This is June, pearl month, when thousands of classic strands will be given to brides, graduates and June birthdays.
Suppose you have your strand, but you don't wear it much. If they have barely seen light since they came out of the oyster, rehab your pearls!
This fun project need not be costly; even $75 (my estimate for new clasp and stringing) can utterly transform your necklace.
1. Add elements
Use your strand and add charms or decorative elements. Shown, Lacy Loop Necklace by British designer and goldsmith Marianne Anderson.
You can hang the elements from the strand or connect sections with them, as in another of Anderson's designs, the Scroll Necklace.
Though I have not contacted her, I have found that most designers and goldsmiths will work with your material to renovate a piece.
2. Update the clasp
If your pearls are long enough for you but a bit staid, change the clasp. Amazing how a cool clasp transforms pearls. This 18k vermeil Bali clasp is $24 from Nina Designs. (I like clasps that can be worn to the side or front.)
3. Add more pearls, in an interesting mix
If your strand is classic white, a skilled designer can select pearls to compliment your pearls' body colour and overtones.
Here's a mixed strand from Zara Scoville of Priceless Imperfection. She could add some fab keshis or Tahitians, and I want to see those!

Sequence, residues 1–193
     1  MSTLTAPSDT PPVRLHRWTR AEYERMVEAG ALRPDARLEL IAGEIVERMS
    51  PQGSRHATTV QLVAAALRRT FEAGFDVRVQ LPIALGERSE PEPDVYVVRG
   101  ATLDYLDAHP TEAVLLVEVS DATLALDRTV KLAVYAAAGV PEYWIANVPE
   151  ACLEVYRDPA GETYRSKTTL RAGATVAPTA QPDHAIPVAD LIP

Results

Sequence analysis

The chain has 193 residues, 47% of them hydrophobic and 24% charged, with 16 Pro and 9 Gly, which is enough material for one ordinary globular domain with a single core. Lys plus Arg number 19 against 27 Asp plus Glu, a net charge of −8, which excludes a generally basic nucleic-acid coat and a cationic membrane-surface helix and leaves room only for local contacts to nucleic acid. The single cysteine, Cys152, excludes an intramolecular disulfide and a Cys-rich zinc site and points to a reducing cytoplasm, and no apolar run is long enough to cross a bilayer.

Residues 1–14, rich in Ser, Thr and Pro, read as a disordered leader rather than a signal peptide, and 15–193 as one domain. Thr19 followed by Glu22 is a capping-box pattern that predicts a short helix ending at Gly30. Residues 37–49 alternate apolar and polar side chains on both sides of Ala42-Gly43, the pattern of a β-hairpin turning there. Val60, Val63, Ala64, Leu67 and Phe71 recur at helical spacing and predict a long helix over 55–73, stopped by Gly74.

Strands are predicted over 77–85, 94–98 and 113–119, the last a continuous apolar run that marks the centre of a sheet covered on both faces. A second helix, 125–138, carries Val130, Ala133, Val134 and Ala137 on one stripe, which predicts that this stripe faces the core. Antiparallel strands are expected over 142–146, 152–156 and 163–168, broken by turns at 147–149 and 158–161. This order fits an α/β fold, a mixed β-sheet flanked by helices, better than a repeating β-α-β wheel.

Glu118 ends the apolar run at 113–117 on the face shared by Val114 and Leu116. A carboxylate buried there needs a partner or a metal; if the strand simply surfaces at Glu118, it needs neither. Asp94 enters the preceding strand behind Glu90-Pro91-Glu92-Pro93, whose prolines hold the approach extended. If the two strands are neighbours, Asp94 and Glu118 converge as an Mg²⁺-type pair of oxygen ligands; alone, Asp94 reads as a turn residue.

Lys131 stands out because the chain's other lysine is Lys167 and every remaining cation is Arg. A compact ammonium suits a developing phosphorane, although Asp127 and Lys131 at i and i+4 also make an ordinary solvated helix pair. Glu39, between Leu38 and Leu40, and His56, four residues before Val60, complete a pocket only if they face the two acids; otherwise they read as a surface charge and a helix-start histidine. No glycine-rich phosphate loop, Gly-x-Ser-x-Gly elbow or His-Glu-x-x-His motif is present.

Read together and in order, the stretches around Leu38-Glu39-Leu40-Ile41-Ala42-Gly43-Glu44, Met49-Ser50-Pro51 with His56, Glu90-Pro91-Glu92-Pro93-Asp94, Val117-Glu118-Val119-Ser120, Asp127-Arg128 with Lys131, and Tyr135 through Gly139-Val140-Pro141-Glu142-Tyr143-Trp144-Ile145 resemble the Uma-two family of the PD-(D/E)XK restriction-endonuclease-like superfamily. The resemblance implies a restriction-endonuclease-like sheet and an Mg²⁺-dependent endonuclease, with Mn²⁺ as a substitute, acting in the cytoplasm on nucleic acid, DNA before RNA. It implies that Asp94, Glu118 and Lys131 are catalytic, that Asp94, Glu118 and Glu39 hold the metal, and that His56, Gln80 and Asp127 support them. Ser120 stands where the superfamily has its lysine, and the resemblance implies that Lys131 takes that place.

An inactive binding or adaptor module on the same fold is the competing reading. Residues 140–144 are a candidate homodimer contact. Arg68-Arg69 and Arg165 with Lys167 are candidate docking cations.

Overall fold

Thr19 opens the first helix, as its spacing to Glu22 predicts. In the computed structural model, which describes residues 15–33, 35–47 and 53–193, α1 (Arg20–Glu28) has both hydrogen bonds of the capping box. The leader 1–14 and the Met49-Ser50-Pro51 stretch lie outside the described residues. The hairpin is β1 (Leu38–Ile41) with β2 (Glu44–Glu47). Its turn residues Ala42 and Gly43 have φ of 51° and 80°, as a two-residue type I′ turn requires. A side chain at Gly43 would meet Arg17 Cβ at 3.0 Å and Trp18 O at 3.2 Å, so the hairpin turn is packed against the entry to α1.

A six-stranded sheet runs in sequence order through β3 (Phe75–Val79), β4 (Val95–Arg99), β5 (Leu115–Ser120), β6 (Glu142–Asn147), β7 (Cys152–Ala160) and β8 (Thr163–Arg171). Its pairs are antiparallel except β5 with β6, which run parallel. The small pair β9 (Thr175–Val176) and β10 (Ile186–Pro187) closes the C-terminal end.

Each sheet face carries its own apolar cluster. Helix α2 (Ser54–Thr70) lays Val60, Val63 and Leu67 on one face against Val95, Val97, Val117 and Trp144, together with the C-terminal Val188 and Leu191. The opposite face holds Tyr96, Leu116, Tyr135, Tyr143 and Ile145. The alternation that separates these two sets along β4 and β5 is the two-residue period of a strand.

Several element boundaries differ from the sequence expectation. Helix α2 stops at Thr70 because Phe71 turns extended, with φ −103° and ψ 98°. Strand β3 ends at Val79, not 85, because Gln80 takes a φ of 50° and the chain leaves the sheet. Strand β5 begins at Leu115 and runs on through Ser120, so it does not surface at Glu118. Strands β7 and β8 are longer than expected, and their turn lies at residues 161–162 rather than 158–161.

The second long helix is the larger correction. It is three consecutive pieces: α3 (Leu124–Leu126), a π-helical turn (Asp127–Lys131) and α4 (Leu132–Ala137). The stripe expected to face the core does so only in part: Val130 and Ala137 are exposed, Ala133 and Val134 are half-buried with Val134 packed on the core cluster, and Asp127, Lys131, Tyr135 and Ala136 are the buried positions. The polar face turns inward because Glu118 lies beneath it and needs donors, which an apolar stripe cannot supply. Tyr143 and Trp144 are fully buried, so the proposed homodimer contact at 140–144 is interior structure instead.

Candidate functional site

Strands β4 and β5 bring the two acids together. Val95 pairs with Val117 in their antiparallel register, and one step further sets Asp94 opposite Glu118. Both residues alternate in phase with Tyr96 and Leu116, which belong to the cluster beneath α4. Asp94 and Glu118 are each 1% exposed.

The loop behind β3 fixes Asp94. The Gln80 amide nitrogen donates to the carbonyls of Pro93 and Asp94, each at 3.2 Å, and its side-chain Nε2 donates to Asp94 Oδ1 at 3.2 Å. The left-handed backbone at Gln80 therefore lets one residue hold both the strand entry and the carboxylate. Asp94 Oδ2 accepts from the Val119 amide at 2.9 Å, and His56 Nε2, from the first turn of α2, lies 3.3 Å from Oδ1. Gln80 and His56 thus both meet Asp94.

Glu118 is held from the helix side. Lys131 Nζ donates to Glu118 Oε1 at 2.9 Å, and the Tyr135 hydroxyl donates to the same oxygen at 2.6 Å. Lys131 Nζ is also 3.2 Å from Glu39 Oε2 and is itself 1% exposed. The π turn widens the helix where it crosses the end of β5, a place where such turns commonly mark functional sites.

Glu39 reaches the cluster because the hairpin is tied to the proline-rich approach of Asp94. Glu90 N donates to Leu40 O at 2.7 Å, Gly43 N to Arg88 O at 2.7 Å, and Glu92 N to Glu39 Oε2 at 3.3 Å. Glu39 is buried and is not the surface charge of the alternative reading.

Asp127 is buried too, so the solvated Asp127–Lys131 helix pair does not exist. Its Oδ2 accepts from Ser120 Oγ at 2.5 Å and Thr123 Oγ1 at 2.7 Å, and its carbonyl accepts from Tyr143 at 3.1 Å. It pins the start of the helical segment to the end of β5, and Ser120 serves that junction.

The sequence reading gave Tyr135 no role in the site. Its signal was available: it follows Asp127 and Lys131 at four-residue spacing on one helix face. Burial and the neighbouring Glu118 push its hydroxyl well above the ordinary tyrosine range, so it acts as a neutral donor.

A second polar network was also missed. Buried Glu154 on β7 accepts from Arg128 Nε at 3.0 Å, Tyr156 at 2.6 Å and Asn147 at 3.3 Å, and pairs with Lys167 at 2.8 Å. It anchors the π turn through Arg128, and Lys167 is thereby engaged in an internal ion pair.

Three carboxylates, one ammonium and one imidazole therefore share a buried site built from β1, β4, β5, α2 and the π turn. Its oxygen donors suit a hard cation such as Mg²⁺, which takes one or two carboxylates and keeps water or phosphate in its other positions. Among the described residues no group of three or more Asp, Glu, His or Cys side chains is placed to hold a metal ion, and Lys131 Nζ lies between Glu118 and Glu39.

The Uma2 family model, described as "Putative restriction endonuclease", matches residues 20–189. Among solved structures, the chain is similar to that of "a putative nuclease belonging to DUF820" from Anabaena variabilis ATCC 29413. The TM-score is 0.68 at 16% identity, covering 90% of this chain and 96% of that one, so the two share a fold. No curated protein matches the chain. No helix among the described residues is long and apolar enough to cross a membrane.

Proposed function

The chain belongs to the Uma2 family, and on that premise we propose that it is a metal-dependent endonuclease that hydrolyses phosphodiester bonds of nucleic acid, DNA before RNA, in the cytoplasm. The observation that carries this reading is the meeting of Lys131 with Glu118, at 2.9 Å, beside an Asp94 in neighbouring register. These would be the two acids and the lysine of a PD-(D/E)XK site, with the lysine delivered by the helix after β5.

4. Add stones to make a multi-gem piece
You might have other necklaces to donate to the project, or you could buy some stones. Example: Kojima Company pearl, tanzanite and apetite necklace.
An inexpensive option: mix pearls and glass nugget beads. A good local bead store sells semiprecious beads and can do the stringing; take a photo or sketch to discuss what you want.
4. String on coloured silk
Stringing white pearls on dark silk (charcoal, taupe) or lighter (pink, olive) is a fun way to reno for very little. I'd also change the clasp to something informal.
You can also use tiny pearls as "knots" between your pearls; shown, Kojima Company Petal Pearl necklace; white pearls with tiny purple-black rice pearls.
5. Put pearls on chain
Using chain instead of stringing on silk gives a light look and makes a chic change. Shown, Pearl Paradise's June special, a 35-inch silver chain strung with 9-10mm Tahitian baroque pearls, $350. (Gold chain also available, and they will make these necklaces in any length requested.)
6. Make your necklace into a bracelet
A good solution if the pearls are tight as a necklace. Make a double-strand bracelet or add more pearl variety to make a lavish piece.
Shown, Pearl Soireé bracelet from Kojima Company.
P.S. About pendants
Now that you are a glorious mature woman, your pearls may need to grow too. Sticking a pendant on too-short pearls only emphasizes their skimpiness, like belting a tight dress.
Lengthen the strand first by adding other material to get the right length and mood.
Shown, a necklace by Kojima Company: white keshis (classic Akoyas would also look pretty) lengthened by adding 18k gold spacer beads, with a green amethyst briolette.
It's pearl month! Wear your pearls, grateful for the gifts of nature, especially the lustrous, wondrous sea gem.